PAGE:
Two little words, one short phrase, one enormous impact on your financial future.

Do you know how important this simple phrase is on your future? “Fiduciary duty”

This incredibly short phrase and easy to understand description could make or break your retirement. It’s the difference between a great advisor and one you should never do business with. It’s the difference in the portfolio that is truly designed to serve you long term versus the one that generates the most commissions for the advisor.

It may seem like I am overstating the importance of fiduciary duty, but it really is that critically important in your financial life.

What is Fiduciary Duty?

Here’s the short version of fiduciary duty: the professional you are working with is legally required to put your interests above their own.

Here’s a more detailed definition via

A legal obligation of one party to act in the best interest of another. The obligated party is typically a fiduciary, that is, someone entrusted with the care of money or property. Also called fiduciary obligation.

That means if someone has a fiduciary duty to you they cannot act in their interest above your own.

Why is Fiduciary Duty Important in my Finances?

Don’t understand how important the above definition is?

Here are a few examples of the critical importance of fiduciary duty.

Fiduciary Duty with Investment Advisors

Let’s say you have been self-managing your investments over the years. You started small by setting aside a little bit of money each time you got paid and invested it into one of your accounts. You’ve done a good job and now have $200,000 set aside, but you have realized it is time to bring in a professional to help you protect that investment. You want to keep your capital safe while growing it over time, plus you need guidance on where to invest your income into your portfolio in the future.

The Bad Investor Advisor

You visit the first advisor and notice he is licking his chops as you describe your investments thus far as well as how much you plan to contribute in the future. Since he has no fiduciary duty to you, he crafts a portfolio that on the surface looks like a good option for you.

Below the surface is the reality that his investment choices for you include high expense ratios because those funds give a bonus if he has a lot of investments with them.

Further yet some of the funds include a 5% front loaded sales charge — meaning the company charges you $5 of every $100 you have invested, right off the top — that he gets a huge commission off of.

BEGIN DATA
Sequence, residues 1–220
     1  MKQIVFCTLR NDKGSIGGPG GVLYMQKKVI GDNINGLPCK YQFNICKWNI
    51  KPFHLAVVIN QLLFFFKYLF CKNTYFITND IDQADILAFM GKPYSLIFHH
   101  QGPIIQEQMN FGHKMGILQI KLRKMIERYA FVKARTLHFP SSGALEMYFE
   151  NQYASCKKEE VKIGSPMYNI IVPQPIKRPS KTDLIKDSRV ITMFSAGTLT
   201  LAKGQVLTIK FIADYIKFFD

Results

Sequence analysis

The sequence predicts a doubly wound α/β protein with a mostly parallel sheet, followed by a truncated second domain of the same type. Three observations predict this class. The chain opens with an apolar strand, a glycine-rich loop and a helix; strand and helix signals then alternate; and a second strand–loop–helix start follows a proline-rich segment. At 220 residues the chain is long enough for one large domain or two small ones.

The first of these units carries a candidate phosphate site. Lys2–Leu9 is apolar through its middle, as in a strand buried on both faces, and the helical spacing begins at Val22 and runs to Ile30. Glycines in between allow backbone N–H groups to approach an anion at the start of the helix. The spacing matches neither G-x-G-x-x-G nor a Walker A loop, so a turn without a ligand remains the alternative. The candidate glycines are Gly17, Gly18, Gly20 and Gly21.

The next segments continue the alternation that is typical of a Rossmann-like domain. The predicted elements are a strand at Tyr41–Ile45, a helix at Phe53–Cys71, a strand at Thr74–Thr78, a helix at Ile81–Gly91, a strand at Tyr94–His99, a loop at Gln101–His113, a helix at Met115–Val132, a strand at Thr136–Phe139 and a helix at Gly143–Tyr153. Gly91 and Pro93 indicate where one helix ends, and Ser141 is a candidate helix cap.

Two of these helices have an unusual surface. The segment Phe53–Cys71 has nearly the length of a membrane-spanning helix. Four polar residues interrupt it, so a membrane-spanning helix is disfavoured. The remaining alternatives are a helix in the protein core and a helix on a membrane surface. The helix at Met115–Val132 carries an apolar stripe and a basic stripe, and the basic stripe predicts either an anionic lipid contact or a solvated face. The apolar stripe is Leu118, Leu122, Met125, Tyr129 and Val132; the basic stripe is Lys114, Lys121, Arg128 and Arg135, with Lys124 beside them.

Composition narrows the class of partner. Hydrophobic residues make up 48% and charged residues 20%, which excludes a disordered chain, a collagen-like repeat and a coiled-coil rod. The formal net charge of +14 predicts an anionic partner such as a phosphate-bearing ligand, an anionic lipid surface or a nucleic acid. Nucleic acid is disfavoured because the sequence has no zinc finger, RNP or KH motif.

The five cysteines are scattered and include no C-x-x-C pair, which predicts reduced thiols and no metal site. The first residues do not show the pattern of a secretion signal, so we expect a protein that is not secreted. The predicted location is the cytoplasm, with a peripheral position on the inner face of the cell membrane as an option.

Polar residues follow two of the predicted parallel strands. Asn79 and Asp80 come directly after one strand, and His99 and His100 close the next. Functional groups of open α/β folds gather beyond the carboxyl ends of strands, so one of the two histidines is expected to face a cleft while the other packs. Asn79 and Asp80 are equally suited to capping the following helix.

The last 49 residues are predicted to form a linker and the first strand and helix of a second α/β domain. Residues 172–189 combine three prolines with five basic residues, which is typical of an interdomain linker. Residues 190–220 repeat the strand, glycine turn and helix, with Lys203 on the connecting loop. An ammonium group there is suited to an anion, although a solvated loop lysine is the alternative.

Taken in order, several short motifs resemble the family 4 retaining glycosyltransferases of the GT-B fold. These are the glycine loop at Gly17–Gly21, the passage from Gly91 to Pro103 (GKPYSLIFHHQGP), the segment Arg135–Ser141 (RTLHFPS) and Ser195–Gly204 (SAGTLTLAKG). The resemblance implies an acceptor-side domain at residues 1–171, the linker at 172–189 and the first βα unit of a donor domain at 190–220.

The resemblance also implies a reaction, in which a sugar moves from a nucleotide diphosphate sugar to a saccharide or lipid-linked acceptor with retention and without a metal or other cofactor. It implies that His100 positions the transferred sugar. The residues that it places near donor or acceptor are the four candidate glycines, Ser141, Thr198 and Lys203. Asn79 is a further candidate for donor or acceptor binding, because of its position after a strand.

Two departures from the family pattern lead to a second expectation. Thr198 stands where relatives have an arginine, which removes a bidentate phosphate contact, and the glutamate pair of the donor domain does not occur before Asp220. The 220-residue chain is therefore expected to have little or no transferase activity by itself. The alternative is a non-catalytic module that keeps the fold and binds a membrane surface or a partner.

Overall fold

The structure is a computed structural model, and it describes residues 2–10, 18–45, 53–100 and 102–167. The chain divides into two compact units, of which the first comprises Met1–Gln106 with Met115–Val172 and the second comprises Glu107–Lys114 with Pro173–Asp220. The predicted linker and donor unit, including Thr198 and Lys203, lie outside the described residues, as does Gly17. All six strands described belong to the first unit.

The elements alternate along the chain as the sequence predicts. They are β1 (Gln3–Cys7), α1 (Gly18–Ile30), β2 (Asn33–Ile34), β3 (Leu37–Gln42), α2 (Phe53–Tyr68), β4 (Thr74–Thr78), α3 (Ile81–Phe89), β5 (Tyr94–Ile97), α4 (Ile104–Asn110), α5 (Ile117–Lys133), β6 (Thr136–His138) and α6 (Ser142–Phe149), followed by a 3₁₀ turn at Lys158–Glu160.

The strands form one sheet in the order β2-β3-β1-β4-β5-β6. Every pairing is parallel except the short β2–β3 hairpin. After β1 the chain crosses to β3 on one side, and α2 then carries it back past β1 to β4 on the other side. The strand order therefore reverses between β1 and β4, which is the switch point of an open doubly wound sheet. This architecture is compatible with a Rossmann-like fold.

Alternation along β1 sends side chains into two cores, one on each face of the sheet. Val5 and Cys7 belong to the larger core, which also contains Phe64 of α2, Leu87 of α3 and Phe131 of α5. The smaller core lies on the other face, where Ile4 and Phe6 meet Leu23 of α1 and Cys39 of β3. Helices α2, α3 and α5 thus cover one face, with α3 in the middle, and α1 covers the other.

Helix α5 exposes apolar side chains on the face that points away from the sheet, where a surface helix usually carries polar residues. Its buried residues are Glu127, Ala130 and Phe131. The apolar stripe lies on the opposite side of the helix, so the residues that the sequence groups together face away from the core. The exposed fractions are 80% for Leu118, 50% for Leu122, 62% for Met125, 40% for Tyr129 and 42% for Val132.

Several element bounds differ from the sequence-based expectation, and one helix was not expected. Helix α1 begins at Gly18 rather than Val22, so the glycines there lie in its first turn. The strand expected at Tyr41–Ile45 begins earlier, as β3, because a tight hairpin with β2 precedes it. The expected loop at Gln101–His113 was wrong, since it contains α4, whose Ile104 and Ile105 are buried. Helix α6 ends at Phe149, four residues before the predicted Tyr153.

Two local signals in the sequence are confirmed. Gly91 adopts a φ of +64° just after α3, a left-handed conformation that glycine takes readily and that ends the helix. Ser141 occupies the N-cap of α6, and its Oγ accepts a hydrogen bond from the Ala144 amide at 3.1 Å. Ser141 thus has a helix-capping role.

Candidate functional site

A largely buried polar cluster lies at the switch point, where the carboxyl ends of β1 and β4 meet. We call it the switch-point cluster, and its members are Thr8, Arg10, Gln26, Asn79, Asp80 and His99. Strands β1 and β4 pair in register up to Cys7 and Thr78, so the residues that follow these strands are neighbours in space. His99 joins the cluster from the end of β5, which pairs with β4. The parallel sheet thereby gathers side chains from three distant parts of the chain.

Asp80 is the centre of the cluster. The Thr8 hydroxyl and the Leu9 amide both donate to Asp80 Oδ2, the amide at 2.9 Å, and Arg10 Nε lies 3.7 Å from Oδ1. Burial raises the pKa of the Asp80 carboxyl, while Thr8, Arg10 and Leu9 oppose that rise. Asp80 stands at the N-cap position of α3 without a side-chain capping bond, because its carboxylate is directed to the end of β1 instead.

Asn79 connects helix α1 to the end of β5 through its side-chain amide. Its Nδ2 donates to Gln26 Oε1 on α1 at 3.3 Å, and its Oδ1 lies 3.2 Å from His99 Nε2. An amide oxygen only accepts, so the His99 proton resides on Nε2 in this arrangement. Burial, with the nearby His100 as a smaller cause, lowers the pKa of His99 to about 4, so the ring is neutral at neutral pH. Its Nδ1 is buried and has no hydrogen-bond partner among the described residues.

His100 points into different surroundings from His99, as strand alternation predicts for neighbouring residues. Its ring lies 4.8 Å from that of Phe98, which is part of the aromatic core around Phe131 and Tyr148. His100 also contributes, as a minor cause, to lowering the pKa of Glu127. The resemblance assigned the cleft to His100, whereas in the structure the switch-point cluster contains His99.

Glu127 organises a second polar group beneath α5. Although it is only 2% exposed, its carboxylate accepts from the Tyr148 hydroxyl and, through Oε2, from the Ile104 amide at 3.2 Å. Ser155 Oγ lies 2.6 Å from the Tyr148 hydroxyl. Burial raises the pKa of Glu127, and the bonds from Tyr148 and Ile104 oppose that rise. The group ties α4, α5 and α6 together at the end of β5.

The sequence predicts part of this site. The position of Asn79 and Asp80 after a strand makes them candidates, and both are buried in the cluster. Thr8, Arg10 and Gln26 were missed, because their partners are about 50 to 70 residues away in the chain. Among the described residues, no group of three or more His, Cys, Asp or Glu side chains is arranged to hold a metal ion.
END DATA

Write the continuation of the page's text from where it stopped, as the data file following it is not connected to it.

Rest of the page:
Even worse is he will call you every six to twelve months to encourage you to move your money around to various funds; this is called “churning” in the industry and results in further commissions for the advisor.

Nothing he is doing is technically illegal. It might be immoral, but since he has no obligation to put your interests above his there’s no reason to consider putting you first.

The Great Investment Advisor

When you visit the second advisor and tell him about the first, he just sadly shakes his head. He tells you — and shows you in writing — that he has a fiduciary duty to his clients. He legally puts himself below his clients in order to best serve their interests.

His portfolio plan for you is significantly different. To start he charges you by the hour at a fair rate. You know how much this is going to cost you on the front end; there are no hidden commissions that influence his decisions on your behalf.

His plan includes index funds with the lowest costs available. There are no marketing 12-1b charges. There are no front-loaded or back-loaded sales charge. He avoids investments that take a huge chunk of your money up front or on an annual basis. He also details out what you can do over the coming years to better protect yourself and your family as it comes to life insurance and trust funds. He avoids recommending expensive whole life insurance except in very specific wealth management situations and instead promotes term life insurance.

It is a comprehensive plan with no catches. You read the fine print just to make sure he isn’t trying to squeeze an extra buck out of you, but it turns out all he really wanted to do was to earn his hourly wage and put together a fair plan for you. No less, no more.

Fiduciary Duty with Company Directors

The same concept of fiduciary duty applies to businesses as well. Company directors and higher executives usually have a fiduciary duty to the business. Without it they could do things for their own personal benefit that do not put the company into a good position. Without a fiduciary duty the directors can personally profit from unethical moves by the company to the detriment of the entire organization.

How to Look for Fiduciary Duty

You might be thinking,

Okay, fiduciary duty sounds great. But how do I check for it with the investment and financial professionals I speak with?

It really is simple. You just ask to see it in writing.

For those professionals that do provide fiduciary duty to you, almost all of them will know what it means. They will be glad to show you documentation or sign any paperwork that puts you into a fiduciary duty relationship. They’ll also be glad to answer any questions about what it means in terms of how you work together.

What is sadly hilarious is when you speak to those professionals that do not know what it is, or worse yet, have been trained by their company as to what it is and how to sell around it because they know they don’t provide it. If anyone tries to tell you that you don’t really need fiduciary duty, thank them for their time and leave immediately. Their livelihood is based on earning commissions off of you rather than by providing a quality plan for your future.

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